After several minutes of ignoring the fortuneteller’s stare, Sherlock finally strolls up to the makeshift booth and faces the old woman directly. She’s dressed like the kind of stereotypical mystic psychic you’d see on TV. Very over-the-top. Much too kitschy for Sherlock’s taste. In any other setting, she would look out of place. But here in the middle of a crowded street festival, she looks right at home between the carnival style game and food booths crammed together.
Before he says anything, Sherlock takes a deep breath, noting that the overpowering odor of incense seems to be tinged with a hint of something else. He’s not quite sure what it is yet. Another few sniffs and he’ll probably be able to identify the odd smell.
“You look eager to peddle me a fortune,” Sherlock says. He’s never given much stock to this sort of thing, being that he was already familiar with all the techniques fortunetellers used to read their targets. He always called the whole thing a load of crock designed to steal money from easily susceptible people. The only reason he’s standing in front of the booth now is because Joan’s still waiting in that awfully long line for soft pretzels and, by Sherlock’s calculations, he still has about six minutes left to kill.
The old fortuneteller nods at him with a voracious smile. “Yes I can tell you your fortune,” she begins in an unbearably obnoxious tone just like how he imagines every faux fortuneteller sounds. “I can peel away the shadows of uncertainty regarding your future and help you uncover the mysteries of your life.”
Her spiel about mysteries almost makes him laugh out loud, but he takes another sniff of the air instead. There’s still that vaguely familiar smell lingering around. Usually it wouldn’t take him so long to pin it down, but there’s a crowd of people here and that’s interfering with his nose. “I prefer my future to be uncertain,” he says.
The fortuneteller remains undeterred. She pulls out a deck of tarot cards and begins shuffling. “The first reading is free of charge,” she tells him. She flourishes her hands in an attempt to look mystical as she shuffles her cards one last time. Sherlock ignores this and casts his eyes past her into the booth darkened by the paisley-patterned fabric hung up on all sides. He supposes that adds to the quote-unquote mysterious vibe. In the back, he can see a large wooden trunk. Probably what the fortuneteller uses to carry all her decorations and materials in, he deduces.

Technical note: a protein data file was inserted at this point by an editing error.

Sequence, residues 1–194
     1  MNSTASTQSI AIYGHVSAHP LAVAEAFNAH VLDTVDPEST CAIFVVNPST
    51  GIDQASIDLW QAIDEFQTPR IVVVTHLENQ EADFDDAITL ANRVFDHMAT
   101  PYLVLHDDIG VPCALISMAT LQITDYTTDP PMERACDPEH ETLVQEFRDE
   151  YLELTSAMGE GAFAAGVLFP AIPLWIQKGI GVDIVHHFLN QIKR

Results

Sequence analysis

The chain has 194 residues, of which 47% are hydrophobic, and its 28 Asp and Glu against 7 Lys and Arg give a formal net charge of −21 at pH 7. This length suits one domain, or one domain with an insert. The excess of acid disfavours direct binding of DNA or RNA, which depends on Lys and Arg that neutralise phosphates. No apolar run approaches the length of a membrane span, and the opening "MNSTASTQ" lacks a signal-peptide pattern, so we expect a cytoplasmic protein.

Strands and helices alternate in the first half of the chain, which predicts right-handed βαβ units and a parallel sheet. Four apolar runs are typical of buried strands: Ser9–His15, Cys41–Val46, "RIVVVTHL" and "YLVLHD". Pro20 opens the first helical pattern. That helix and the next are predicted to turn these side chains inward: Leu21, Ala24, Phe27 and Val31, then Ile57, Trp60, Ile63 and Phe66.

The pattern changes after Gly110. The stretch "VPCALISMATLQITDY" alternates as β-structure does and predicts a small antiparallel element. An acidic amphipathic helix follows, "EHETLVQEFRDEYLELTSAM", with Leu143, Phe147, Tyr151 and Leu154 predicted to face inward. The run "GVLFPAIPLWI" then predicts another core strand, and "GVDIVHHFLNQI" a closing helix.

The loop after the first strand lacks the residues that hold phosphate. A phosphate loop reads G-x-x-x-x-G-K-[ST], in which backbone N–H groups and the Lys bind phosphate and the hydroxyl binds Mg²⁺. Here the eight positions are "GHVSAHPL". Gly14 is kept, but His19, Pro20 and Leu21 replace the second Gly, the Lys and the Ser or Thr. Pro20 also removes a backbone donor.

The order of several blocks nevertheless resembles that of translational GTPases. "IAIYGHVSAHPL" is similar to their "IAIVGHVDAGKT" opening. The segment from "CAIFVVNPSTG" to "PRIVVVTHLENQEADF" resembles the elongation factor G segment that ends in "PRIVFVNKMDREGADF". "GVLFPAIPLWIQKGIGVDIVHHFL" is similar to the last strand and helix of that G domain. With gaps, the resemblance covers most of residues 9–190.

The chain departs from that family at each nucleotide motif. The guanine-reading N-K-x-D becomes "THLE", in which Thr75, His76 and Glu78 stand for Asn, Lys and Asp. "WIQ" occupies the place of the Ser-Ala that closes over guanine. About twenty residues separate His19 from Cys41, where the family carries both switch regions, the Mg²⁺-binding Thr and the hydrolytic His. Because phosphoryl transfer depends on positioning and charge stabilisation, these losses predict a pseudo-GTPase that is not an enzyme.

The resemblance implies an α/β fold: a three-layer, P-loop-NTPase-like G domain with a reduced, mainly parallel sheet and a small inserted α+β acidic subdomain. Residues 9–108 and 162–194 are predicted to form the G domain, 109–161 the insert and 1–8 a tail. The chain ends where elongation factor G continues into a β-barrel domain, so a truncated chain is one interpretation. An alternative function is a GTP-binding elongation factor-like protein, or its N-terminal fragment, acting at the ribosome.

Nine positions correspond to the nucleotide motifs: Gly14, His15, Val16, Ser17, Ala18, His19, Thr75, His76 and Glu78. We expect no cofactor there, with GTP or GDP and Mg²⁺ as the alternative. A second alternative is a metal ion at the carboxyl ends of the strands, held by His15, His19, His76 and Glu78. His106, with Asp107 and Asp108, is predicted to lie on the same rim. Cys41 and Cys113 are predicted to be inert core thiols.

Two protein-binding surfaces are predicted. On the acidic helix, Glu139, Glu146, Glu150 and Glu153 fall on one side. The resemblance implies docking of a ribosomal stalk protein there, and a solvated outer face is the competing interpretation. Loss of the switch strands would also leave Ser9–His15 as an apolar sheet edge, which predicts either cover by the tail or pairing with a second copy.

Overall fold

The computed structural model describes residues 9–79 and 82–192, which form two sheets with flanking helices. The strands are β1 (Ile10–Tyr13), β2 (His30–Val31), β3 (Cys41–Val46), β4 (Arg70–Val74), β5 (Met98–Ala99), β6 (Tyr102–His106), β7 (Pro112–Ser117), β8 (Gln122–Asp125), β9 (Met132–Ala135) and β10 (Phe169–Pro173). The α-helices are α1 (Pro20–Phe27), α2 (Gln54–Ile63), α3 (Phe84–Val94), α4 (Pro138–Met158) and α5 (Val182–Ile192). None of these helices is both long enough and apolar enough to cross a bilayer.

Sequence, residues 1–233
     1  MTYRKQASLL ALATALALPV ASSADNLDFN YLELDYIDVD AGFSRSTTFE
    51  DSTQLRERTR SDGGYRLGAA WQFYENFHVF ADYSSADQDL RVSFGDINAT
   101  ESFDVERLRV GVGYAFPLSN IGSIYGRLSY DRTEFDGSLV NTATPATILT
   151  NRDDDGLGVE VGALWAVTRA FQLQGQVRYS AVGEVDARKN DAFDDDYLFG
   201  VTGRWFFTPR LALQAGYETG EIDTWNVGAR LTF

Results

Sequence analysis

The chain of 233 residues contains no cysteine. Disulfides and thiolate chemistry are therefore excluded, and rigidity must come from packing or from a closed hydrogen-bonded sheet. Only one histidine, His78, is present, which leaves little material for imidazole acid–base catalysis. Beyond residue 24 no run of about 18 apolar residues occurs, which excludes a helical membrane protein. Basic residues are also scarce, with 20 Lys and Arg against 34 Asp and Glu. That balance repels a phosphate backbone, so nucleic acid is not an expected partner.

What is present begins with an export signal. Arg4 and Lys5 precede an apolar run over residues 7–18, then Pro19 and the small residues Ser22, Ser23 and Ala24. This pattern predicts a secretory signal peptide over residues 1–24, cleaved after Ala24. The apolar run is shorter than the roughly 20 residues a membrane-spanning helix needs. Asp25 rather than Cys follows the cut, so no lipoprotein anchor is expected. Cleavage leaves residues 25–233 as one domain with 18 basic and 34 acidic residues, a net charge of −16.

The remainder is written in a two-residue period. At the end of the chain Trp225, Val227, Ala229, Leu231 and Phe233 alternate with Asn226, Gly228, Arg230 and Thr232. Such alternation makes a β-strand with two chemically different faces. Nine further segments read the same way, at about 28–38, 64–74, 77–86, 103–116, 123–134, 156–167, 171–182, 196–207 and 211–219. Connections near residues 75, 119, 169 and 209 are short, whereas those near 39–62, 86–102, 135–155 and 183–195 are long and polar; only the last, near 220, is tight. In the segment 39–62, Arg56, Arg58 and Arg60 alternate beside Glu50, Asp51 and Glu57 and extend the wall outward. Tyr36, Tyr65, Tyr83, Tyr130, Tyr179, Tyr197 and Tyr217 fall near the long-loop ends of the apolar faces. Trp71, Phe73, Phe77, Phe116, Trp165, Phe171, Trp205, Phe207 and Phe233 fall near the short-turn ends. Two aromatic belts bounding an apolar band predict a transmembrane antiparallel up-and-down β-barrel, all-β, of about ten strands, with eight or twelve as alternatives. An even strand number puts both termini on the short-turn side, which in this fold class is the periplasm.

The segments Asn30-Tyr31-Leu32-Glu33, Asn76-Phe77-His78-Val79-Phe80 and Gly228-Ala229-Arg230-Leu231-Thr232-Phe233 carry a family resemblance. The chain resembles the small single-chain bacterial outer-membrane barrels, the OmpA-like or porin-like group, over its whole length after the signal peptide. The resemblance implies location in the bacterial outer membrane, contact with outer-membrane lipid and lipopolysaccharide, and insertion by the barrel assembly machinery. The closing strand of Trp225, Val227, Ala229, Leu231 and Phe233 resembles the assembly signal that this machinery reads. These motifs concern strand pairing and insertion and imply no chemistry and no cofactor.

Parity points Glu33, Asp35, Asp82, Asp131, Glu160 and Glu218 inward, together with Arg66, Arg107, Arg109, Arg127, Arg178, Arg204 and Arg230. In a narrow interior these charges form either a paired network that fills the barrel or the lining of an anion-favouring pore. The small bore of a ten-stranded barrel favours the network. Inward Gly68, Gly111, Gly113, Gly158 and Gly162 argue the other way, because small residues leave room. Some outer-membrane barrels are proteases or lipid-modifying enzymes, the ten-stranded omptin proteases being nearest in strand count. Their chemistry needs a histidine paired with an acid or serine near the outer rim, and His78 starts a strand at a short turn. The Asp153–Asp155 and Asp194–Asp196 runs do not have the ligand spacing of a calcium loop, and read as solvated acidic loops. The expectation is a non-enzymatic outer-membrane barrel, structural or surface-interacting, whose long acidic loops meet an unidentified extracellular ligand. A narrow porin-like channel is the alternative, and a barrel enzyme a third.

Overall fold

“I will now tell you your fortune.” The lady’s trying-too-hard mystical tone interrupts his thoughts and grates on his nerves.
Sherlock just shrugs since she seems intent on doing it anyway. He sniffs the air again while she begins laying cards out on the table. He’s not well-versed in the art of tarot reading, but he’s almost positive that she shouldn’t be laying down the same card over and over. And yet, spread out in front of him is the same card with a skeleton on it, five times in a row.
“What the…?” The lady mutters under her breath, breaking her mystical act. “I don’t even have this many Death cards.”
“Figures,” Sherlock says without much sympathy. He finally identifies a distinctly coppery smell faintly mixed with the heavy incense floating around. As the fortuneteller scratches her head at her cards, he casts another glance at the large wooden trunk, taking note of the dimensions and doing a few calculations in his head. Now that he’s got a working theory in mind, he takes a few steps over to the side of the booth and rips the fabric down, giving him easier access to the trunk. Lucky for him, there’s no lock on the trunk and he easily opens it.
“Perhaps you were reading this man’s fortune?” Sherlock quips, pointing to the bloody dead body stuffed inside the trunk.
The reveal causes a small commotion to break out amongst all the nearby people, but a local cop patrolling the festival keeps things under control and puts the fortuneteller in handcuffs. Sherlock makes a quick phone call to Captain Gregson to let him know about the situation.
“Can’t you take even one day off?” Joan asks with a half-amused, half-annoyed laugh as she returns with her pretzels. She offers one to Sherlock but he declines. “Who carries a dead body around in a trunk to a street festival?” she comments on the weirdness of the situation.
“I believe the idiom is it takes all kinds to make the world go ‘round,” Sherlock replies with a half-hearted joke. Joan doesn’t say anything else as she hurriedly finishes off her soft pretzel and watches as more cops show up to the scene. Sherlock suggests they help out.
In the ensuing chaos, the tarot cards still scattered on the table are forgotten momentarily. While the police and Joan are busy investigating, Sherlock picks up the cards to examine them more closely. There’s nothing unusual about them except for the fact that none of them are Death cards at all. Not one skeleton to be seen in the entire deck that he shuffles through.
“Strange,” he mutters to himself. The change in the cards defied logic. He would have puzzled over this mystery a bit more but he hears Joan calling his name to assist in examining the trunk. He sets the cards back down and walks away.
Perhaps there are some things best left shrouded in mystery.